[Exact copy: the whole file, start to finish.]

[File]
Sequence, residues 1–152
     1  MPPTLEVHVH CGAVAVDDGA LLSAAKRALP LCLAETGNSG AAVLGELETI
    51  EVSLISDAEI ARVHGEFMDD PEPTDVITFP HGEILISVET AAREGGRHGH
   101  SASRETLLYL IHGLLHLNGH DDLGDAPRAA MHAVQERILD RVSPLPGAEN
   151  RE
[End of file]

Sequence, residues 1–152
     1  MPPTLEVHVH CGAVAVDDGA LLSAAKRALP LCLAETGNSG AAVLGELETI
    51  EVSLISDAEI ARVHGEFMDD PEPTDVITFP HGEILISVET AAREGGRHGH
   101  SASRETLLYL IHGLLHLNGH DDLGDAPRAA MHAVQERILD RVSPLPGAEN
   151  RE